In 2013 Vladimir Potanin, the control shareholder of Norilsk Nickel, decided with the other shareholders of the Russian company to sell off their non-Russian assets and concentrate on mining and refining in Russia. In October 2014 it was formally agreed that Norilsk Nickel would sell to BCL the Tati mine, plus the much more valuable half-share of the Nkomati mine.
The original price of the deal was $337 million. But in the market at the time the nickel price ranged between $7 and $9 per pound ($15,800-$19,400 per metric tonne). What happened next was that the nickel price collapsed to a low in February 2016 of $3.76 per pound ($8,299 per tonne). Norilsk Nickel had timed its exit well, but from the Botswanan point of view, the contract price was too high. After negotiations the Russians agreed to a deferred payment scheme and reduction of the price.
The Botswanan government asked Barclays Africa Bank to come up with a scheme for financing the deal. Barclays proposed to issue bonds for at least $200 million. That was on top of a 1 billion pula loan (Botswana currency equivalent to $96 million) already disbursed to BCL and guaranteed for repayment by the government. The bank made no judgement on the viability of the nickel mining project or BCL’s solvency. Instead, it asked the government to double its guarantee and cover the risk that the price of nickel would remain low and BCL fail to generate the means to repay the bank.
Smith’s running orders were to consolidate into MDCB the country’s diamond, coal, nickel, copper and other mining, processing and trading assets. For the survival of the nickel sector he was to finalize the takeover of Nkomati from Norilsk Nickel for a lower price. A Botswanan financial expert says the end of the commodity price boom has left the government confused. “We don’t know what to do when the resource rentals on which the country has depended for so much and for so long run out. The politicians have been taking decisions short-sightedly.”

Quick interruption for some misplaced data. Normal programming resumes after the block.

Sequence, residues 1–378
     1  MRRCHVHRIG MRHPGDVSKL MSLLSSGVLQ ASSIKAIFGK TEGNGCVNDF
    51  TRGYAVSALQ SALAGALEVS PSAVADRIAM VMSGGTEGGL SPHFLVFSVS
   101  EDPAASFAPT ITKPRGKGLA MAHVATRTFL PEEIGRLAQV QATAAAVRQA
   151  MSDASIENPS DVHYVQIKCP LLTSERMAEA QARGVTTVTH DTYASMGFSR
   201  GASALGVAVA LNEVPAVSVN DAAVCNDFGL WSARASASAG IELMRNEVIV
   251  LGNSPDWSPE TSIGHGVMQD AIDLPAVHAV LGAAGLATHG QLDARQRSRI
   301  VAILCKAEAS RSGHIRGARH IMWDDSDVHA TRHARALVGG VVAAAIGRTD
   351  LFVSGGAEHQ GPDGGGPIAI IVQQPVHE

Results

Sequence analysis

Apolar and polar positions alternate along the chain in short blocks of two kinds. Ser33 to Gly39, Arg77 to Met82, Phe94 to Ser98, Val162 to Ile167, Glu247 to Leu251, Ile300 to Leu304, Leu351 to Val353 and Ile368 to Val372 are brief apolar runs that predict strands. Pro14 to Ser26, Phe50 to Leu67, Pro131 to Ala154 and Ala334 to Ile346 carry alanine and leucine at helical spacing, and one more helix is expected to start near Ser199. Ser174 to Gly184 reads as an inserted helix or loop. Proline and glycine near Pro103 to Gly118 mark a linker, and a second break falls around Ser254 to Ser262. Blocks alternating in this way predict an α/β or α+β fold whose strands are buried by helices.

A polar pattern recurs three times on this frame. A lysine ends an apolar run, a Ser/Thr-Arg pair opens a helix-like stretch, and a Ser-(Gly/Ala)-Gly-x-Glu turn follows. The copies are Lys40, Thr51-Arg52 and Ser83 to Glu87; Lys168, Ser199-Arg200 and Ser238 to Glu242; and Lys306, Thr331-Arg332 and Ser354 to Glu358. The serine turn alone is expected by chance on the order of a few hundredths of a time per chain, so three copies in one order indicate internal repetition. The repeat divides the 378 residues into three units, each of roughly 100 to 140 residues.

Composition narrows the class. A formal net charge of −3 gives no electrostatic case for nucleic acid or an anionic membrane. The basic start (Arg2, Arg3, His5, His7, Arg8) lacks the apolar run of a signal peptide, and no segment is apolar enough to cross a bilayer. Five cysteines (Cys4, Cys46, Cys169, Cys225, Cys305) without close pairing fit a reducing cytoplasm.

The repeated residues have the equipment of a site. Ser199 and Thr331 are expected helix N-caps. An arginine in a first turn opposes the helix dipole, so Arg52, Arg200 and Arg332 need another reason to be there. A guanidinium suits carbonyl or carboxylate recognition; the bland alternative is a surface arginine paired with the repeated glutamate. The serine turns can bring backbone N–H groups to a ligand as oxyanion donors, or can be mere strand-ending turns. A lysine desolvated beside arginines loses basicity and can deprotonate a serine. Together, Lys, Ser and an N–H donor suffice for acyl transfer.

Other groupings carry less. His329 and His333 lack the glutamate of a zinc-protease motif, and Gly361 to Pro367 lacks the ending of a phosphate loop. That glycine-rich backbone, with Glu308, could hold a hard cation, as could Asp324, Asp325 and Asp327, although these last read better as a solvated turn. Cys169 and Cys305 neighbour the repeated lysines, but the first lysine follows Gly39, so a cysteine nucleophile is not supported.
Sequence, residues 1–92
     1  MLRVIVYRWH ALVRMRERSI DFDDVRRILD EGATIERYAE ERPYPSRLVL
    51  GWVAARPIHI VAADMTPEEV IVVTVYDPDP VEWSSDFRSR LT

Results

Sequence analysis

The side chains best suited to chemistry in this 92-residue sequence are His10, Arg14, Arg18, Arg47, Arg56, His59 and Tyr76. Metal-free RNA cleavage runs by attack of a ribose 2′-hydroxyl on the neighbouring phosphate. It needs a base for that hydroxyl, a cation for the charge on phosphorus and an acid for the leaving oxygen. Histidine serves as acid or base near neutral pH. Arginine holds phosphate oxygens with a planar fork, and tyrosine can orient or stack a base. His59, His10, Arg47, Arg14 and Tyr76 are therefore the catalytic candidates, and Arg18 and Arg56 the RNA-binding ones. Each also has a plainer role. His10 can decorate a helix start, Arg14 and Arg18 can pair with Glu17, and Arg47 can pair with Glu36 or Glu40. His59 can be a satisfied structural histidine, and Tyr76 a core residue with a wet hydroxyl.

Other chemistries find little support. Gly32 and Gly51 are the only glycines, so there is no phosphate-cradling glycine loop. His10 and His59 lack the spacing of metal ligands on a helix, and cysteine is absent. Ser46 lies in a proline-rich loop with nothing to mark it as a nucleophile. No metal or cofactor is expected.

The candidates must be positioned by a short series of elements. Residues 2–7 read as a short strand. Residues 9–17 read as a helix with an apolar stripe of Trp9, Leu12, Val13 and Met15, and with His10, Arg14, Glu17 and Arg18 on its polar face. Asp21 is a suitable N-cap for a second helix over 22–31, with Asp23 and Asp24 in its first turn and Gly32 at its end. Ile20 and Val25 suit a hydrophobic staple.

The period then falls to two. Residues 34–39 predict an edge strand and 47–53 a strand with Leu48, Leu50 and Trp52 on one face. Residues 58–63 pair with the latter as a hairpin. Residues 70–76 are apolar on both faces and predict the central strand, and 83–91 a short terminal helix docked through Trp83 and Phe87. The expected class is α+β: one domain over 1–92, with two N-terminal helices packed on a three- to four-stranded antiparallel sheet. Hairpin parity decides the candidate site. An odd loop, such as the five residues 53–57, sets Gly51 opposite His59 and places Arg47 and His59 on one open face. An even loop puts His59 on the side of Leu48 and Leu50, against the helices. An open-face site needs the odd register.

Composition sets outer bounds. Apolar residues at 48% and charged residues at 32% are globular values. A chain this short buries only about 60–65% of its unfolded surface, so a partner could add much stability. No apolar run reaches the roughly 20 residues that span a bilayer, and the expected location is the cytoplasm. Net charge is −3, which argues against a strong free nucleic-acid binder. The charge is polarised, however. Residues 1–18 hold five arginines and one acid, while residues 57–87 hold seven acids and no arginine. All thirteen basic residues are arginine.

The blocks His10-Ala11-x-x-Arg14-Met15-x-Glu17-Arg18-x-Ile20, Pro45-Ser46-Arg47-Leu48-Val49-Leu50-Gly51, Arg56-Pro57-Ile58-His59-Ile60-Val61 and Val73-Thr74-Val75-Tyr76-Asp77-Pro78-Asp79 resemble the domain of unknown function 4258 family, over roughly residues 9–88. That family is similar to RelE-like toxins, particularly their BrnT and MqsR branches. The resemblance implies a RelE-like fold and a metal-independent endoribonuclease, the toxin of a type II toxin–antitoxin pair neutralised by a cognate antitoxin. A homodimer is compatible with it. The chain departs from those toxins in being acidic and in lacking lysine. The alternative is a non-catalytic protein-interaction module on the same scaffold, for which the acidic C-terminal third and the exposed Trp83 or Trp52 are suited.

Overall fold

In Moscow until now, Norilsk Nickel has been reluctant to discuss the conflict with Botswana government officials. The Russian Embassy in Gaborone and the Kremlin have not yet been involved. “Norilsk Nickel has tried on numerous occasions, and through numerous channels, to reach a satisfactory and amicable resolution”, the company said last Friday, “but none has been forthcoming. Norilsk Nickel has therefore been left with no other option but to pursue a resolution through legal channels. … the business of BCL has been carried on recklessly and the Government was party to that recklessness through the actions of individual Government Ministers, MDCB and the Government-appointed directors on BCL’s board.”